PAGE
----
Residents of Deer Trail, Colo., voted down a proposal Monday that would have allowed them to shoot down unmanned drones. According to a story by Denver ABC affiliate, 7 News, 73 percent of voters in the Eastern Colorado community rejected the ordinance that would have allowed the city to issue hunting permits for drones owned by the federal government.
"We do not want drones in town," said Phillip Steel, who drafted the ordinance as a symbolic protest. "They fly in town, they get shot down.”
The law, had it been passed, would have paid out a $100 bounty for a drone with U.S. government markings.
Steel drafted his proposal last year after learning that the Federal Aviation Administration had “loosened regulations that would allow the flight of drones in domestic airspace.”
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Congress asked the FAA to put together a plan that would help integrate drones into U.S. airspace by September, 2015. Thirteen states have already issued laws regarding the use of the vehicles and others are being considered in at least three more states.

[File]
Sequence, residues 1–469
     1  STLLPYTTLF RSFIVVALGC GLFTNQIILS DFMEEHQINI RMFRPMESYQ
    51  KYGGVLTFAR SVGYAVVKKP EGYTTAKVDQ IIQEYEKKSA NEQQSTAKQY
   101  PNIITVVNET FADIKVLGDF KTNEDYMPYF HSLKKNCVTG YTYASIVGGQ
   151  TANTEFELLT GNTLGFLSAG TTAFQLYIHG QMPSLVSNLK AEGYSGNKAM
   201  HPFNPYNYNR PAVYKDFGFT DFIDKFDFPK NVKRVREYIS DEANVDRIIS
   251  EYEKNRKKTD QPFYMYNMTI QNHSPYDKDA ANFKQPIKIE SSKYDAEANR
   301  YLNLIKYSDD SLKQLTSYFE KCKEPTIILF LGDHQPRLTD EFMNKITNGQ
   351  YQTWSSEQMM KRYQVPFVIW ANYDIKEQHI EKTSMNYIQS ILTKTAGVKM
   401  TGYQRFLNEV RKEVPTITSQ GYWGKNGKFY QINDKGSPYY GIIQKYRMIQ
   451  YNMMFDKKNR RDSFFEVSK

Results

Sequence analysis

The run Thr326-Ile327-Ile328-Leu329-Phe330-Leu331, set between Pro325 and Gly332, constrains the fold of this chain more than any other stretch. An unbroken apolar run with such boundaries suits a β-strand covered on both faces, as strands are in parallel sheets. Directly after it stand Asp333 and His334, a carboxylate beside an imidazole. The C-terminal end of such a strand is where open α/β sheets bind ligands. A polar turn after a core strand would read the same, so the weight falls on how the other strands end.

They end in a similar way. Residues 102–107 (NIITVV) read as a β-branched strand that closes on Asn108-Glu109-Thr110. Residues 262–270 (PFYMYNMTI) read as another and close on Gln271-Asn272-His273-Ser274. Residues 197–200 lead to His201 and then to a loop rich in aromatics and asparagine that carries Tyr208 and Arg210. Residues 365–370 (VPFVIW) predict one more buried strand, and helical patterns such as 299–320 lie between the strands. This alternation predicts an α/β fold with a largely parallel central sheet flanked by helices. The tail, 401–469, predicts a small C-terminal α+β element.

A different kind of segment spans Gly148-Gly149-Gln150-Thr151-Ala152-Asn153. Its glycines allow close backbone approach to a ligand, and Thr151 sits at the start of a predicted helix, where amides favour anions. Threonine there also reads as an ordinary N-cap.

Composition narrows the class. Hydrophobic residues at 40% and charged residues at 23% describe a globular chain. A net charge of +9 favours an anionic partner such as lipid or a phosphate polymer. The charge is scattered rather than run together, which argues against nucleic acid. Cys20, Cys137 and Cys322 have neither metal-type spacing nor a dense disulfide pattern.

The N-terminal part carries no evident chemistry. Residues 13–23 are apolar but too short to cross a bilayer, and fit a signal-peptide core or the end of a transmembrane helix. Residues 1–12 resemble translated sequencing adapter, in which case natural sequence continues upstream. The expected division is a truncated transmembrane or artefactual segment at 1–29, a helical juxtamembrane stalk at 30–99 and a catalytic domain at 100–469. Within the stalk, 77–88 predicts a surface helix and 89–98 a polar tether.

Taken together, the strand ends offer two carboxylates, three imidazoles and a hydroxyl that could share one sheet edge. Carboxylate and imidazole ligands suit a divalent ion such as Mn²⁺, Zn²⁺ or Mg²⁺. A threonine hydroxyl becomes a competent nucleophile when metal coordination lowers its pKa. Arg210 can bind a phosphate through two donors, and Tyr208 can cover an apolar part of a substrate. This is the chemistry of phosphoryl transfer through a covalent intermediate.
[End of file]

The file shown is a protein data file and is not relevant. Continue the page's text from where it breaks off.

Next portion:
The FAA monitored the special election closely and issued a statement prior to the vote.
"Shooting at an unmanned aircraft could result in criminal or civil liability, just as would firing at a manned airplane," it read.
In order to get his proposal on a ballot, Steel had to get 19 residents of the 550-resident town to sign a petition. He turned in 23 signatures. But not all residents supported the proposal.
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Daniel Domanoski told CNN in December that the ordinance was a “ridiculous thing and embarrassing to the town.”
Others embraced the idea as a novelty and thought that passage of the law could promote tourism.
“This could bring in some free money -- that’s why I’m all for it,” Deer Trail’s Mayor Frank Fields told Businessweek.
It is estimated that by 2020 there could be as many as 7,500 commercial drones operating in U.S. airspace.